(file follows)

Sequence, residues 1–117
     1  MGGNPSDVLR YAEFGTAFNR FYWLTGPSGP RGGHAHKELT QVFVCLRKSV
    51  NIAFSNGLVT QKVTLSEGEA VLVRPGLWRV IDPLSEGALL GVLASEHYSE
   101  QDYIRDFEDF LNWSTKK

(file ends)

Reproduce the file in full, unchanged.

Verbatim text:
Sequence, residues 1–117
     1  MGGNPSDVLR YAEFGTAFNR FYWLTGPSGP RGGHAHKELT QVFVCLRKSV
    51  NIAFSNGLVT QKVTLSEGEA VLVRPGLWRV IDPLSEGALL GVLASEHYSE
   101  QDYIRDFEDF LNWSTKK